Are you at home looking at this blog? Are you at work? We’re willing to bet that almost half of you are looking at this blog from your public library. Every time we walk into a library, we see full computer stations and laptops on desktops. “The computers are always jam-packed with neighbors of all ages, it is almost like the library functions as the South Park Computer Lab,” Shawna Murphy recently told us.
Now, a new study released this week from the University of Washington Information School, reveals exactly how many of us are relying on library computer access for: job searches (75% of respondents), health information (82% ), homework (42%), and staying in touch with family and friends (64%).
In the past year, one-third of our national population over the age of 14 used a public library to access a computer or to find wi-fi.
In the past year, 50% of the population between 14 and 18 used library computers – mostly for homework.
What does this mean? It means libraries are indispensable extensions of our schools. They’re helping our kids with homework and college preparation and keeping our unemployed neighbors hopeful by offering a dependable and resourceful place to look for jobs. They’re bridging the digital divide that could separate us from one another. They’re a resource and investment that return exponential value to our communities-especially during periods of recession.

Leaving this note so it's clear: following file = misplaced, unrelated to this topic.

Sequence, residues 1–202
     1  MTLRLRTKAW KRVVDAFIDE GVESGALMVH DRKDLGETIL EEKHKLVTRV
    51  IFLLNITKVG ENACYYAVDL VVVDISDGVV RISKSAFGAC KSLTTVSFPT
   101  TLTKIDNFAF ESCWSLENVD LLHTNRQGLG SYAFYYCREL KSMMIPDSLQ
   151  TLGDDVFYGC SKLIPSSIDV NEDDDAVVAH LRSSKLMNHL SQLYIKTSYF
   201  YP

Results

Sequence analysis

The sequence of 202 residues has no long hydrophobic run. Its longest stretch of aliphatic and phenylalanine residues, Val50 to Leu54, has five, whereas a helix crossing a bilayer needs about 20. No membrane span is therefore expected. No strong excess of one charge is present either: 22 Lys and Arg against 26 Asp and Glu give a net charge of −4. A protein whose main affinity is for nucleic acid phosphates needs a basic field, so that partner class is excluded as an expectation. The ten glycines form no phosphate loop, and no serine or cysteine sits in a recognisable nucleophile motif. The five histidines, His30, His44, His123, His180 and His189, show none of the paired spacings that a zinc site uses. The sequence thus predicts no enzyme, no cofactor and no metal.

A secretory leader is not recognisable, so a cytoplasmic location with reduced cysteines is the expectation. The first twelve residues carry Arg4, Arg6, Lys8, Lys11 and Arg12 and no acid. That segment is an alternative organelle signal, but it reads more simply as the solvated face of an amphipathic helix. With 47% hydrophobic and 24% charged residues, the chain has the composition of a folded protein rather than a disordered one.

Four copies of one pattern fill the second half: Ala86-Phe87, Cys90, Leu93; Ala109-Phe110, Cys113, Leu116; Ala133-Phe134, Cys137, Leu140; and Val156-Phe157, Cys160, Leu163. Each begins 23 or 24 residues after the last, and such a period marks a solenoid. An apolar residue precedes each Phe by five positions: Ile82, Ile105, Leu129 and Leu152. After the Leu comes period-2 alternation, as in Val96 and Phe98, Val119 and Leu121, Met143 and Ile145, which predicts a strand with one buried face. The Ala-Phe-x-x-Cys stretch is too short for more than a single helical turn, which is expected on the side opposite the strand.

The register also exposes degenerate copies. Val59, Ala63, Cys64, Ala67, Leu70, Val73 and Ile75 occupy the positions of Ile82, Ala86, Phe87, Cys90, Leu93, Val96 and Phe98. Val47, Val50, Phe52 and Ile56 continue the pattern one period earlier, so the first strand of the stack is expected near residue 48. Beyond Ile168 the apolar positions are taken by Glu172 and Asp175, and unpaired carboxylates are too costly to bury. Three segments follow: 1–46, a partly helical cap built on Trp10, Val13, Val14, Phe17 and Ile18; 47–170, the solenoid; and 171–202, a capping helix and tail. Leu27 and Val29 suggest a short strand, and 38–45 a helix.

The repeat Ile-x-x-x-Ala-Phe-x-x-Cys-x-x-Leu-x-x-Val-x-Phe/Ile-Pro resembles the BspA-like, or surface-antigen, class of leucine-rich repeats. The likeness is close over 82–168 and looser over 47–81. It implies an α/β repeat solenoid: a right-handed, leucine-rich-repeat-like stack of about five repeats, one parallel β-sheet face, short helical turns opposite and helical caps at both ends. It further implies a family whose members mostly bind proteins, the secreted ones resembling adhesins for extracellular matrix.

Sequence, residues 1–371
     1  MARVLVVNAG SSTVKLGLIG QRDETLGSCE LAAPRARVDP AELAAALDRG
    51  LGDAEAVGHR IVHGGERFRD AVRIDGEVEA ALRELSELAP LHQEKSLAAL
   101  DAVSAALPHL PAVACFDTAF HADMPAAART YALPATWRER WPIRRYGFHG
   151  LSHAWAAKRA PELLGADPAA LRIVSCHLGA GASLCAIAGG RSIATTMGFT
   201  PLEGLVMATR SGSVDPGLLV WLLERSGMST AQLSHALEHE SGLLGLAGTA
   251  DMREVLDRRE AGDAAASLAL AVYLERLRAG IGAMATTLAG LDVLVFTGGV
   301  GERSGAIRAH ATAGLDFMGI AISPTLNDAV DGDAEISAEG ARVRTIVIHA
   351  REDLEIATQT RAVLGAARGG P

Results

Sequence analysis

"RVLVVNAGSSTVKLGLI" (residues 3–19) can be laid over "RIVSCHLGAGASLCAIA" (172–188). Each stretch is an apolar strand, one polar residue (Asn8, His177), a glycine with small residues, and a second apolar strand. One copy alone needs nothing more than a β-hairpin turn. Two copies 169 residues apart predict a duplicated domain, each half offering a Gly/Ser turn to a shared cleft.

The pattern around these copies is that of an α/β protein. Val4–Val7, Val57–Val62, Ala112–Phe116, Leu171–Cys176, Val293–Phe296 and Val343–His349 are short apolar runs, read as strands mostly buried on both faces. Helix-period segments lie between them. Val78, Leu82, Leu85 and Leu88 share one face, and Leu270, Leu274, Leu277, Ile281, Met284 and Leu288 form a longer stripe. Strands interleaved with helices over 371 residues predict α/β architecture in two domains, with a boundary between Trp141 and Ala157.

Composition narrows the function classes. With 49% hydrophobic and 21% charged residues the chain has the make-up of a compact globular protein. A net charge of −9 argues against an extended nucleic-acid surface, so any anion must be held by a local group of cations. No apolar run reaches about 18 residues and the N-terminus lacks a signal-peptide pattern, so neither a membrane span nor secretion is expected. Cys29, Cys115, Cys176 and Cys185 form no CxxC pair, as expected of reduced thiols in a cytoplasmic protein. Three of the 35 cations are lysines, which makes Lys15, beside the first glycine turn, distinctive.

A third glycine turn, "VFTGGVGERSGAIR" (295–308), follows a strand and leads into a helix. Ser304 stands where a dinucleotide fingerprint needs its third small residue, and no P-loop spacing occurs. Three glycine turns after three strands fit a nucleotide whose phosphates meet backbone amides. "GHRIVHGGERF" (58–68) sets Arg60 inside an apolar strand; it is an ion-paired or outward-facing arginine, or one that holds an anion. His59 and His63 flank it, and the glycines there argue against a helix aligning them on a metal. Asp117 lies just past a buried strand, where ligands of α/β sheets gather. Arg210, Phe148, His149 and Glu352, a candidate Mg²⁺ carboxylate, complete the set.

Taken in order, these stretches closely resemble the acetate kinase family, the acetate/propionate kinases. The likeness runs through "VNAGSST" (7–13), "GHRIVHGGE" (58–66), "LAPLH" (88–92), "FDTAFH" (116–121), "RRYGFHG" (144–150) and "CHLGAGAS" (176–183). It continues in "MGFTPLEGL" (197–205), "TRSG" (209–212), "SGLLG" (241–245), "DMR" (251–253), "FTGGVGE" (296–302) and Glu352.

“Policy makers must fully recognize and support the role libraries are playing in workforce development, education, health and wellness, and the delivery of government services,” Marsha Semmel of the Institute of Museum and Library Services said in response to the study’s findings. Media headlines about the study also tell the story: “Web Usage up at libraries: many young, low-income people rely on public Internet access for research . . .” writes the Spokesman Review. “A third of Americans — about 77 million people — use public-library computers to look for jobs, connect with friends, do their homework and improve their lives,” writes the Seattle Times, citing the study’s findings.
What can you do to help our libraries? Get involved with the Friends of The Seattle Public Library. firstname.lastname@example.org